Last August i wrote a column in this paper called, ‘Mayday! Time to stop Jet from going the Kingfisher way.’ At that time Jet was still seen as invincible, a proud Indian brand from the 1990s whose growth symbolised the growth of liberalised India.
Despite warnings from several people, Jet stakeholders (bankers, shareholders, suppliers, lease providers, top management) twiddled their thumbs while the airline kept running its loss making operations like earlier, burning cash at over Rs 15 crore a day. Things worsened, and the company literally ran out of cash. Leased planes were repossessed, salaries remained unpaid and there was no money to buy fuel.
Eventually the company ceased operations last month, but only after running up a massive debt of around Rs 15,000 crore. Top management sent emotional letters to the same employees they had betrayed, thanking them for organising prayer meets to rescue the airline (this really happened). Many Jet employees still wait for good news of a new buyer coming in and saving their jobs.
Those still hoping for a rescue answer this: If you wanted to own an Indian airline, what would you rather do? Start a new one for Rs 15,000 crore? Or pay the debts of Jet Airways of Rs 15,000 crore first and then put in even more money to fix this loss making operation?
Do Indian passengers even care if the aircraft they are flying has Jet Airways written on it, or are they just as fine if they get good fares on any DGCA approved airline, even if it is called RedAir or BlueAir? Really, the customer doesn’t care enough for the brand name to make it worth Rs 15,000 crore.
One year ago, things were different. Jet made losses, but it had full operations and revenues of around Rs 25,000 crore. This meant the airline had some value, if it could be turned around. A sick horse can be healed. A dead horse cannot. Last year, Jet Airways was sick and people were calling for a cure. Now, Jet Airways is dead. Good luck trying to find buyers for it. At best, it will sell as a carcass.
I am sorry for making such a morbid analogy. However, it is important to drive home this point: In certain sectors, when companies are in financial trouble, one needs to act fast to recover maximum value. Unfortunately, the way our PSU banks and their management processes are designed, acting fast in a crisis can almost never happen.
The slow-motion banking services we provide mean that Jet Airways, which could have at least repaid say half to two-thirds of its debts, will now be able to repay almost nothing. This implies that even up to a year ago, despite the downfall of Jet, banks could have recovered up to Rs 10,000 crore. Now, they will earn almost nothing, leading to massive value destruction due to slow-motion banking in the last one year alone. These are taxpayer funded banks that have destroyed Rs 10,000 crore of value in a year.
This is a second-level mess-up. At the first level, PSU banks could have easily seen Jet’s cost of operations (Rs 4.49/km) being higher than its revenues (Rs 4.21/km) as leading to a business designed to lose money. In comparison, Indigo’s cost of operations (Rs 3.15/km) and revenues (Rs 3.64/km) ensured a profitable airline. These numbers are not hard to analyse, and anyone lending thousands of crores to an airline should keep better track of what is going on.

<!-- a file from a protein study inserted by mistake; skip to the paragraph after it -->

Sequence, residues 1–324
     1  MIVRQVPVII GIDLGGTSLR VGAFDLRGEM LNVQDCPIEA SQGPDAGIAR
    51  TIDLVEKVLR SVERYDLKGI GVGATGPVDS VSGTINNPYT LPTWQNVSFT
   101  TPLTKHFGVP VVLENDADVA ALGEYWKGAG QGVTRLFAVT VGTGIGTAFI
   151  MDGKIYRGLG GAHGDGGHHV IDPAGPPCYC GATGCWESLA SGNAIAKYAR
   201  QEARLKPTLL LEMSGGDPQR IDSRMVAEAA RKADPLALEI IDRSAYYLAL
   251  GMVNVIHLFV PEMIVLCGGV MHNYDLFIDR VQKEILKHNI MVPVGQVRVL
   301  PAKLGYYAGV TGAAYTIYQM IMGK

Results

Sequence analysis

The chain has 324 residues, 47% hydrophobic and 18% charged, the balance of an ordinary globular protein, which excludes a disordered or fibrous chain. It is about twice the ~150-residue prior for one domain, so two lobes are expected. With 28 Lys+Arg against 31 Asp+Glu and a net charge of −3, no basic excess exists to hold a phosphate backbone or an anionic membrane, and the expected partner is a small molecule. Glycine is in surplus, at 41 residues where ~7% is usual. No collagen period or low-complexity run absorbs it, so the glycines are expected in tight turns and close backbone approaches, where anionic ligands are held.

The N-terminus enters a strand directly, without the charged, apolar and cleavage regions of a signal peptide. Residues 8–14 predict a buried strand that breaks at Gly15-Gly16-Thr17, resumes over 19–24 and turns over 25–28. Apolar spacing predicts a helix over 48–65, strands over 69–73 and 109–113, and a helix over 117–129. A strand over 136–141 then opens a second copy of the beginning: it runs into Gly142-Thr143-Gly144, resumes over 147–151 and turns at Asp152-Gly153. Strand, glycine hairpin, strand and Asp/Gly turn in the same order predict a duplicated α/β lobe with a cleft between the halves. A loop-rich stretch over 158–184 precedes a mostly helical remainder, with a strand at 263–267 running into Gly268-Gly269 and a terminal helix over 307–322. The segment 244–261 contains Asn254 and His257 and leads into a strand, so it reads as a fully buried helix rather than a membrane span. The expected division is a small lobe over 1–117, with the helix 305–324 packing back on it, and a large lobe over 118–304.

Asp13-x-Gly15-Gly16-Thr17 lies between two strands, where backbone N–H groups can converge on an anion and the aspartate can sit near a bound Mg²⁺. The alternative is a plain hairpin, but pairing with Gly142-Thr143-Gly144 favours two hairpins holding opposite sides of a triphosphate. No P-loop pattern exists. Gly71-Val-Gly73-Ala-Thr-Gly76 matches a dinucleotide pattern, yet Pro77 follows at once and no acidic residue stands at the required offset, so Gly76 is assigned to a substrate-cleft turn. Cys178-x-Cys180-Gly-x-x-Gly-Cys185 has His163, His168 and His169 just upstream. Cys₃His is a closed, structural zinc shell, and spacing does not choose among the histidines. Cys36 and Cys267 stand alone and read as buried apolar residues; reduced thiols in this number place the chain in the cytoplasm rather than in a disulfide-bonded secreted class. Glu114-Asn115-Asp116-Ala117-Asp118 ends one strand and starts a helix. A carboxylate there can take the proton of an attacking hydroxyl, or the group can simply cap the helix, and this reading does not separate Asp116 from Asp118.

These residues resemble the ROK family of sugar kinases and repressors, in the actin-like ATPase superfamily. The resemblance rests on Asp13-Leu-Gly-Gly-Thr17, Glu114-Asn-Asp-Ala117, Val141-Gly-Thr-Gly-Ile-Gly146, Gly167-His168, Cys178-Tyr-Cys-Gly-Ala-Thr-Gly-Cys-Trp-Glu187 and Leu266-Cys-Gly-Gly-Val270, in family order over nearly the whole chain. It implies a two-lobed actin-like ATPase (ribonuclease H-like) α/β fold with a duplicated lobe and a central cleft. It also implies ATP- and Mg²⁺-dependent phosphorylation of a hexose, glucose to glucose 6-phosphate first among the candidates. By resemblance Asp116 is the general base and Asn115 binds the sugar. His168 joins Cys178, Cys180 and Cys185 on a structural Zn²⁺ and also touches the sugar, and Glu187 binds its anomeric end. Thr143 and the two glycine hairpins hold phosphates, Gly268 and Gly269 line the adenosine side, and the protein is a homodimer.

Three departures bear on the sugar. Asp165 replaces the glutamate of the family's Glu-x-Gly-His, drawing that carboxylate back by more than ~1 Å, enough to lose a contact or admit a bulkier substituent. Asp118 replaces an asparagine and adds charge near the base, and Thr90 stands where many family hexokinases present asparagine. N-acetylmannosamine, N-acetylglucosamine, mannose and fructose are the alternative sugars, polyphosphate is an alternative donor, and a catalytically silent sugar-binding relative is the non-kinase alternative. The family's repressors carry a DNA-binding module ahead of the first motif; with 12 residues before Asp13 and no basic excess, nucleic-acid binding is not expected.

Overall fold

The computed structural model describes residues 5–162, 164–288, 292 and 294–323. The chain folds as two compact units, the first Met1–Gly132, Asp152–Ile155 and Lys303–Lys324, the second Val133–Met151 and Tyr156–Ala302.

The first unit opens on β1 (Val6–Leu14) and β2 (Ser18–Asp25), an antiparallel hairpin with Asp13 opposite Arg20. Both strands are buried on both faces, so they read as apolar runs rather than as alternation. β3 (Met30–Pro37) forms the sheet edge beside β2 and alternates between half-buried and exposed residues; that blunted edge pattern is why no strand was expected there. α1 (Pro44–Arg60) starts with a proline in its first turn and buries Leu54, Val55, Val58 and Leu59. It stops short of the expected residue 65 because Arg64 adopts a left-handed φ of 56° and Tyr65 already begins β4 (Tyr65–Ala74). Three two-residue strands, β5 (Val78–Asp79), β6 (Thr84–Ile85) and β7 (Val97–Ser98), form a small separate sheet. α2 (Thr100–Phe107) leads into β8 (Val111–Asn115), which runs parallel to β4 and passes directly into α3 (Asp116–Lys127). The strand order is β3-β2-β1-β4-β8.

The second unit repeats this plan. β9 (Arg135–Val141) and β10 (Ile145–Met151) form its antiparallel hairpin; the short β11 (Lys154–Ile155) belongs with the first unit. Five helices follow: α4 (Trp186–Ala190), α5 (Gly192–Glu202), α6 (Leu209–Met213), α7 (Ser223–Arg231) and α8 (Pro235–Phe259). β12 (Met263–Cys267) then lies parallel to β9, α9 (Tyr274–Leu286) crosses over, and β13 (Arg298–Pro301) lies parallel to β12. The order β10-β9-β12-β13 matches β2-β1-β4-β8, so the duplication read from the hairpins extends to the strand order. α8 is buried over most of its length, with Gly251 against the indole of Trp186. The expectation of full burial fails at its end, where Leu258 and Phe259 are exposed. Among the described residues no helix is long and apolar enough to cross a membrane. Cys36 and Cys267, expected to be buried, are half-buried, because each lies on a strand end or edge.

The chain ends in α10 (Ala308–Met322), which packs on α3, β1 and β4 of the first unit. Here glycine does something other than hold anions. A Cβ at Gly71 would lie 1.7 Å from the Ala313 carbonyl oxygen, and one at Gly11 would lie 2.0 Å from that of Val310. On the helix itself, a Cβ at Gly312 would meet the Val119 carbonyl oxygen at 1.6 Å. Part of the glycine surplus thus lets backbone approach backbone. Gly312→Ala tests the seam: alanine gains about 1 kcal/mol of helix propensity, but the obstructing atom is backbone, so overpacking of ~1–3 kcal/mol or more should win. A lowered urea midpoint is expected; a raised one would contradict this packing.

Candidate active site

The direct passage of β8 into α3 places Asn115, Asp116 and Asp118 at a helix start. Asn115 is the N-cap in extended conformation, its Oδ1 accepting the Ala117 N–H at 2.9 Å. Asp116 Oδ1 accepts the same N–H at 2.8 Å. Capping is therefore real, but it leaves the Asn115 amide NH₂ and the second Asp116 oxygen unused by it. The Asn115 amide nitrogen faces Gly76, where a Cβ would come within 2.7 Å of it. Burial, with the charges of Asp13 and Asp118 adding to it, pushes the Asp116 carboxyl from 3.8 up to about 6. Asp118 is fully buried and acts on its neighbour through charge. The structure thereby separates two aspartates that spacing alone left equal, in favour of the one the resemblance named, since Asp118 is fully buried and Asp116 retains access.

However, sweet uncles run our PSU banks, not shark like investment bankers. The PSU banks were probably enamoured of the aura of the Jet chairman, thankful for being invited to his house parties and generally in awe of the classy English-speaking, yellow-and-blue dressed staff of Jet Airways. The shame we Indians feel when we see someone ‘classier’ who speaks better English is real. Little wonder PSU banks didn’t hit Jet hard three years ago, when it had the highest cost structure in the industry.
But by last year it became clear Jet was hurtling towards the point of no return. In such a scenario, banks need to be ruthless, practical and real. They need to realise the full debt will never get repaid. Instead it is about squeezing out maximum value. For that, the banks needed to fire the management, put new ones in place, add emergency funding that gets priority over existing loans and convert current debt to equity. These are common moves for any bank dealing with a company in distress.
What is crucial here is timing. Move fast, and you can rescue some value. Keep sitting around, and everything comes down to zero. Which is what happened here. Hence, we not only lent money to a bad business, we also could not recover whatever we could when things went wrong.
The only silver lining in this – and yes, there is one – is that the PSUs did finally pull the plug on Jet, and this time they did it faster than they did for Kingfisher. So yes, while banks may have lost Rs 15,000 crore now, at least they won’t lose Rs 25,000 crore. Small mercies!
Aura-driven lending, and slow-motion recovery banking, ensured that lenders lost almost all their money in Jet. The worst hit are the employees who lost jobs for no fault of theirs. Next are taxpayers who fund the PSU banks. As we mourn the loss of Jet, i hope we also reform our PSUs so this doesn’t happen again.